Activist and Anglican priest, Reverend June Major, has taken her fight for justice for sexual assault victims to the president's office.
On Wednesday, Major handed a memorandum to President Cyril Ramaphosa's office in Tuynhuys, Cape Town, calling for a commission of inquiry into historic child sexual offences within churches and other faith-based institutions.
The move comes as the country observes Sexual Assault Awareness Month and against the backdrop of Ramaphosa acknowledging that gender-based violence was a pandemic in the country.
In the memorandum, Major highlighted that in countries such as Ireland, Australia, Canada and Mexico, commissions of inquiry were set up to investigate sexual abuse of minors by priests.
The memorandum called for a "safe space" for victims and survivors, the majority of whom were now adults, to share their experiences.
"I recently assisted a family where a pastor (allegedly) raped a four-year-old child and another 10-year-old. Another pastor (allegedly) raped a three-year-old and a four-year-old. The children were too young to testify, so he walked free," said Major.
She said that despite churches speaking out publicly against the rape of minors, there was a "cover-up" within the institutions and ranks.
The memorandum also called for the commission's investigation to include all institutions attached to churches including schools, academies, scouts, retreat houses and institutions for homeless children.
It further called on Ramaphosa to set up a model similar to the one established in Australia, called the National Redress Scheme. It was set up in response to a commission that investigated child sexual abuse.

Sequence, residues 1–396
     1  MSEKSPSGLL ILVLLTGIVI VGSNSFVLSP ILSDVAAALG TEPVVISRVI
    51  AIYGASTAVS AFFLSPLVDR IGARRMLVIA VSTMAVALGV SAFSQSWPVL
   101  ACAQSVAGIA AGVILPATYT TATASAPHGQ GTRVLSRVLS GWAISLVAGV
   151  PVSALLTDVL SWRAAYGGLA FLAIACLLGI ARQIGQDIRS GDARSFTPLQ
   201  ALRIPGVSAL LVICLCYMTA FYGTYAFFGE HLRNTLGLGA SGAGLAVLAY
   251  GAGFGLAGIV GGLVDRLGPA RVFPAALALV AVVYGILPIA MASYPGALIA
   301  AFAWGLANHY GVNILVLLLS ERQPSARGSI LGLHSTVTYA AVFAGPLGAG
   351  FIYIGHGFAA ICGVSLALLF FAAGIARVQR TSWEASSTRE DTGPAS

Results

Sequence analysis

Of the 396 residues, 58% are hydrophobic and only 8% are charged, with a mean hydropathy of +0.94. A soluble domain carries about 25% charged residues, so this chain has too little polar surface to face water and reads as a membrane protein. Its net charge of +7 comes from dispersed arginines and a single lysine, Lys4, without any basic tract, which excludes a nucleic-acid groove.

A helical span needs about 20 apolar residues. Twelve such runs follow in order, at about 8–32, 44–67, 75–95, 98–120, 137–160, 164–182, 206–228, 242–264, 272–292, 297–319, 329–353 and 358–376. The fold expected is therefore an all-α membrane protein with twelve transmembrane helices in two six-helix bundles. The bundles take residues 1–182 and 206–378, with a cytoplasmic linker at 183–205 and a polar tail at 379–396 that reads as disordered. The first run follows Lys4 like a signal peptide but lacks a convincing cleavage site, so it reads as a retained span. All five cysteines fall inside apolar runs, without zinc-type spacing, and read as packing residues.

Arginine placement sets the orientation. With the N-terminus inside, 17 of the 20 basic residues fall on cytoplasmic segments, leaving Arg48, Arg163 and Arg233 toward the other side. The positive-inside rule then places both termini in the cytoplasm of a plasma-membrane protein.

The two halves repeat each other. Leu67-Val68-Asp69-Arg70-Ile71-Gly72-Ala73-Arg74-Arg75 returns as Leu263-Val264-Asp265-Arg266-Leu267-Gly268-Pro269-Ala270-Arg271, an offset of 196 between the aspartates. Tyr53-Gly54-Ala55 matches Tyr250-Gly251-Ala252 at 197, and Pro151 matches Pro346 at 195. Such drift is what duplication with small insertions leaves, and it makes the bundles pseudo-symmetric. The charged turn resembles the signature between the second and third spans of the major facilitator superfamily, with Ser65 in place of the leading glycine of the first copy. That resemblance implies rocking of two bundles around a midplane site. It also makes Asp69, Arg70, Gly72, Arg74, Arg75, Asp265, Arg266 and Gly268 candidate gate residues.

"It was a way to acknowledge that many children were sexually abused in Australian institutions, to hold them accountable and to help those who had experienced sexual abuse access counselling and psychological service,“ read the memorandum.
Major requested that a late Anglican priest, Reverend Luke Stubbs, be acknowledged in the commission as he highlighted "the problem of paedophilia within the church."
Ramaphosa has been given until June 16, Youth Day, to respond.
"Our youth sacrificed for our freedom, let us not now sacrifice them because we are too afraid to investigate these mighty institutions,“ said Major.
Five months ago, Major completed a six-week walk from Cape Town to Makhanda, where she was allegedly raped by a fellow priest in 2002.
In her quest for justice, she started the #SayHisName campaign, and publicly named the alleged rapist in March last year.
A victim of sexual abuse by a Roman Catholic priest at the age of 10, George Rose retold the experience and the effect on his life in a letter to President Cyril Ramaphosa.
He said the life he led as a result led to an HIV diagnosis at the age of 60.
"Far too many perpetrators have been protected by the institutions and a veil of secrecy thrown over the horror of the abuse of minors and women without regard for the impact it has had on their lives,“ he said.
He said perpetrators should no longer be allowed to "hide behind the mitre and sceptre" in covering up abuse.